The reaction of some elements in the North to the events of the last few weeks in Nigeria revealed something very shocking - they missed the memo.

Take as an example, the Kaduna declaration. Those who searched through their intellectual reservoir and all they could come up with was that declaration, either made a grave mistake in their understanding or simply did not read the memo.

Based on the content of the memo, a smarter idea would have been for them to announce the independence of Northern Nigeria from the Nigerian federation. Not many people would have put up a fight to stop them  - with the possible exception of the people in the middle belt of Nigeria, who might scream and kick that they did not want to be part of the North.

Here are a few things that some of the most vocal extreme groups in the North missed from the memo.

1. There is no North. Ok, geographically, there is northern Nigeria. But there is nothing like one North, one political North with shared interests. If there was a patchwork like that in the sixties and seventies, it dissipated in the last three decades when the middle belt area was subjected to communal clashes with communities of ‘settlers’ from further North. The crisis in Southern Kaduna is the epitome of that misnomer. And the Boko Haram insurgency in the North East is a further repudiation of such contraption.

2. Something happened between 1986 and 2016. What happened was that after forty years of experimenting, two generations of Nigerians have come to understand thoroughly what is working and what is not working in their country. They have come to understand what is fair and what is not fair. And for so many of them, there is no need waiting and hoping anymore. Some of the loud voices up North still act as if the dark era of the eighties is where we are today. For example, affirmative actions like "educationally disadvantaged states", "federal character provisions" and similar policies put in place to guarantee a fair representation of every part of Nigeria in federal establishments and positions have incurred deep backlash in the hearts of many. They have proven to have been abused, to have failed and to have generated nothing but resentment in the hearts of those denied opportunities in the name of these programs and those in the system who had to deal with the aftermath of such programs. But more importantly, these policies have failed to bridge the educational gap that eventually would have made them unnecessary. People who have identified these failures are the one clamoring for another way. They are the ones pushing for merit as a foundation for progress and advancement.

3. In Nigeria of the past, information flow was minimal. Today, an okada driver in Oshodi knows more than what Ibrahim Babangida knew as Nigeria's military leader in 1986 - thanks to the telecommunication revolution that democratized information and knowledge. What that means is that the litany of past and present injustices are in the fingertips of anyone who has whatsapp. If Nigeria says that Kano State, supposedly with the same population as Lagos State has 44 local government areas, and Lagos State has only 20 local government areas, the information is available to many. And so is the interpretation of that fact - which is that more federal resources go to Kano than Lagos because certain allocations depend on the number of local government areas in a state. That nothing has been done about it in the last 18 years is not lost on people. And that everyone is not screaming that it is unacceptable says a lot.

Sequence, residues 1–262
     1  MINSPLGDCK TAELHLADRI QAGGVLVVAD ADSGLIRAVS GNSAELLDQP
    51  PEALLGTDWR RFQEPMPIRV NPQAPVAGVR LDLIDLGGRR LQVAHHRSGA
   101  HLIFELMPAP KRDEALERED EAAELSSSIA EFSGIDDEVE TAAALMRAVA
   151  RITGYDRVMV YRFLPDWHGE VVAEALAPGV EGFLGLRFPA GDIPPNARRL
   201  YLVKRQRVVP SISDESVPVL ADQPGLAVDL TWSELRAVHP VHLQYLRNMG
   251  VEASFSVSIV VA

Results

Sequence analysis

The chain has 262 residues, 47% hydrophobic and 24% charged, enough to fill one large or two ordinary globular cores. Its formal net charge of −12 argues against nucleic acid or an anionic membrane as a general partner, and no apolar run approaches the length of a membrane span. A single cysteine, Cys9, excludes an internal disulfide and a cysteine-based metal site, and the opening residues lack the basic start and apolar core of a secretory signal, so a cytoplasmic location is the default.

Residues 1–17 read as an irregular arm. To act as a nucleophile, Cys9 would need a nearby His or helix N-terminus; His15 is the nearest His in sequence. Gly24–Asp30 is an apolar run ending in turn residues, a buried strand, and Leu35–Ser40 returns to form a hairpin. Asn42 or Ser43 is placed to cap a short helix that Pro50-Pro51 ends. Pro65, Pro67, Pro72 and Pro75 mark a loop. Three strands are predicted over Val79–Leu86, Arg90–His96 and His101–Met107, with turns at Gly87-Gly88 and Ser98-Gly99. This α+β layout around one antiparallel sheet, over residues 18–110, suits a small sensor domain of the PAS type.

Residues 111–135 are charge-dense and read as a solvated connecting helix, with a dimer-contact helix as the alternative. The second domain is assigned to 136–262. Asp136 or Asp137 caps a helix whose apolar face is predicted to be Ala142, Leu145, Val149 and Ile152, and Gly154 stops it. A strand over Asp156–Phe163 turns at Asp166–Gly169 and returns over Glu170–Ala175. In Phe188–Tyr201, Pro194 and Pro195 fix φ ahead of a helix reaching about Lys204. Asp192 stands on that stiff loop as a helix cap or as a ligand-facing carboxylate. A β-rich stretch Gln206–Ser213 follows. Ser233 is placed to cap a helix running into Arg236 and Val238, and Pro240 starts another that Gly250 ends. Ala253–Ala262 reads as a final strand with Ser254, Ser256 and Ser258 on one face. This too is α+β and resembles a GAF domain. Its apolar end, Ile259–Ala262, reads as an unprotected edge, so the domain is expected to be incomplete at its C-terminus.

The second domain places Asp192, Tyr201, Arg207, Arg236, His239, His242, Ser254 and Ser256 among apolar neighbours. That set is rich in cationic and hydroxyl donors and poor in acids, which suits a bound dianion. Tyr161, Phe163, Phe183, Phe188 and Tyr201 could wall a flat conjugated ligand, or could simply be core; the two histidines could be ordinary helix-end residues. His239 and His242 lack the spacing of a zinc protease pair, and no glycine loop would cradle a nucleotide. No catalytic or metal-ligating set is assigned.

4. It used to be a unifying rallying cry to point at the Igbo and say they did it - that it was their fault. And once that is done, the rest of Nigeria falls in line to isolate the Igbo. But those days are long gone. The memo stated that every core region of Nigeria produced those who plundered the nation and brought it to its knees. It also concluded that, burdened by the pressure of a failing state, every core region is leaving the option of bailing out on Nigeria on the table. They have all figured out that the crocodile eats the last person left after he had fed others to the beast.

There are only two good options left for Nigeria. One is a serious and deep restructuring of the country to make a fairer and a more just nation. The second is the invocation of a referendum, not just for Biafra, for all those who wish to leave Nigeria. Most Nigerians will choose the first option. It is also one that a thoughtful government can honestly and easily implement. The other options are not just bad - they are terrible. That is a brief summary of the memo. For those who wish to read the original memo, the title is, “Nigeria: The Status Quo Is Dead.”

Rudolf Ogoo Okonkwo is the author of “This American Life Sef!”

Rudolf Okonkwo

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